Last week we explored the protections Workforce Cyber Intelligence provides both employers and employees. Now, we’re taking the next step and examining how this visibility can improve operational efficiency.
Workforce visibility and employee monitoring are not one and the same. Solutions that focus on gathering employee productivity data are draconian and will ultimately fail under the pressure of an employee-centric culture. Workforce Cyber Intelligence, on the other hand, offers a human-centric input to operational efficiency initiatives to provide transparent, yet mutually beneficial, intelligence to both employees and employers. This is especially true for financial services, healthcare, pharmaceutical and manufacturing organizations were speed and efficacy of service and delivery can mean the difference between market leadership, profit and growth versus customer churn, lost revenue and down-sizing.
Employees as a Source, NOT a Subject
Not only does “old school” employee monitoring often foster negative employee feelings of being watched as it is unidirectional in nature and purpose. The purpose is clear — watch employees by tracking their behaviors online, within applications, who they communicate with, what data they use and how they are using it. This approach offers little to no value to the employee, only to the enterprise and direct line managers who view the employee as an asset in need of measurement and risk versus a valuable resource and trusted insider. The likely unintended consequence of this is a disengaged workforce – one who believes their contribution to the employer is not valued.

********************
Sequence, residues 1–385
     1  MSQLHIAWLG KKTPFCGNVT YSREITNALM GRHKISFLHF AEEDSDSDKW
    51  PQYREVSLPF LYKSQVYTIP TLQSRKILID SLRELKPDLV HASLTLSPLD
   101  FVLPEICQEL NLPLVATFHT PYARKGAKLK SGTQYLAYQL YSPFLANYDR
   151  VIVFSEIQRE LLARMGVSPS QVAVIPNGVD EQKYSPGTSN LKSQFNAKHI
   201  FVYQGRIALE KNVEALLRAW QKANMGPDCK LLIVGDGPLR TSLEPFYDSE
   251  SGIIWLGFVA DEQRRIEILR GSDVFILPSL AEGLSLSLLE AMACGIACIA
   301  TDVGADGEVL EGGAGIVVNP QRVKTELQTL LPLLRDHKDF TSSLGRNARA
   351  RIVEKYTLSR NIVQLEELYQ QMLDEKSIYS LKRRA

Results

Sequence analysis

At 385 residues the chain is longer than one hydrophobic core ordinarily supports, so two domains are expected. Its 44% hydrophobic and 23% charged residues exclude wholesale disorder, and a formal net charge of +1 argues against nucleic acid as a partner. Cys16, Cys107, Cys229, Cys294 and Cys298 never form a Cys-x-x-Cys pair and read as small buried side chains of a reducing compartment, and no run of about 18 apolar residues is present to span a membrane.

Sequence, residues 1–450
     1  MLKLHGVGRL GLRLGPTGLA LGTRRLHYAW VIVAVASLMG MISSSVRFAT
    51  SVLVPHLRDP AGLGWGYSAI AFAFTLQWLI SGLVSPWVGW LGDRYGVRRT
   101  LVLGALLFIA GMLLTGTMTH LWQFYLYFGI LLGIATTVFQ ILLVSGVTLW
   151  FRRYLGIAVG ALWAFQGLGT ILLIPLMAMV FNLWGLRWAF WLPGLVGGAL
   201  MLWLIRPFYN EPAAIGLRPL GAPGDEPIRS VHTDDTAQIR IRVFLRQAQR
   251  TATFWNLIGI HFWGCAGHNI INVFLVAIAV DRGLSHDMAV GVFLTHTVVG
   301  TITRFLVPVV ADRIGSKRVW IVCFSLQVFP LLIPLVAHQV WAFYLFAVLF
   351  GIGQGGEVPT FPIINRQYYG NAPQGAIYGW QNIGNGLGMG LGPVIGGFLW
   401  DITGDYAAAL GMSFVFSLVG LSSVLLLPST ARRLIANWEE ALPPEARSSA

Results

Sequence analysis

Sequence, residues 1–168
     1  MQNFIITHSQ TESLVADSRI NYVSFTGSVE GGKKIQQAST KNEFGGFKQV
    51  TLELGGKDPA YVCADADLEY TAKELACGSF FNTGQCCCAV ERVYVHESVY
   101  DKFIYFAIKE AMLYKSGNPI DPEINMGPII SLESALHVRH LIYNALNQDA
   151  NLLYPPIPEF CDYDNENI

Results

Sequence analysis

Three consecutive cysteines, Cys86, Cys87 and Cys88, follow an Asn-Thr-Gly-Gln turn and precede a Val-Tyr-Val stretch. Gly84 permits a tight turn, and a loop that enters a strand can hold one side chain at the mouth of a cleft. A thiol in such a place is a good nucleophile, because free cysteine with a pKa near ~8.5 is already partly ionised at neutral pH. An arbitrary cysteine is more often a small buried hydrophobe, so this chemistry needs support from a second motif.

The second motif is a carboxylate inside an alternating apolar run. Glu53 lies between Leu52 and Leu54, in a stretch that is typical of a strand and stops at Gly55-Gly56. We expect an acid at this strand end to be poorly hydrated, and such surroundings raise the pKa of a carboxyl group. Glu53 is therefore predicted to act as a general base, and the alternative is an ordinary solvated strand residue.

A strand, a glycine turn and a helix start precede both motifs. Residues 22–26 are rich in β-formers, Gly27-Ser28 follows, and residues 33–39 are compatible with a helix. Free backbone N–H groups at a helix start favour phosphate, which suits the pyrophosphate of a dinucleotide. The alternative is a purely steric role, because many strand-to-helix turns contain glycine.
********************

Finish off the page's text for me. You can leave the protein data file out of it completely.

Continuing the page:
Workforce Cyber Intelligence replaces the employee as the target of monitoring and recognizes users as an important and missing source of input to operational health and business efficiency. This new approach positions employees as key contributors whose behaviors offer rich, contextual data that directly indicate the effectiveness of enterprise applications, organizational processes, and efficacy and adoption of collaboration workflows. Let’s dive into a few examples:
- Operational assets utilization and return on investment — Despite continued technological advancements and an abundance of technical data elements about application usage, few organizations actually understand which tools employees truly rely on versus those that remain shelf-ware. Employee behavior is a real-time demonstration of what team members find valuable and what they need to do their jobs. Workforce Cyber Intelligence provides proof of which technologies are ultimately returning value from the organization’s investments in time, money and energy.
If an employee feels the technology available isn’t meeting their needs, they may create “workarounds” to complete their tasks. Unsanctioned, untested, and unmaintained technologies brought in behind the scenes or “in the shadows” can introduce multiple new attack surfaces, a concept called Shadow IT. Workforce Cyber Intelligence augments asset management software solutions with human activity and behavioral data to provide context to technical metrics. Together, this data helps answer important questions surrounding investment, utilization and deployment for procurement and IT. For example, is the organization over-investing in a certain software for a large group that could be reduced and assigned to a service team?
- Employee engagement and sentiment — The forced transition to a remote workforce has made employee engagement and sentiment critically important to the operational outcomes and achievements of an organizations KPI’s. With Work from Home movements eliminating most face-to-face and interpersonal communication, many employees have been left fearful of layoffs causing them to work longer hours. This has resulted in increased emotional stress as the lines between professional and personal time and activities are muddled.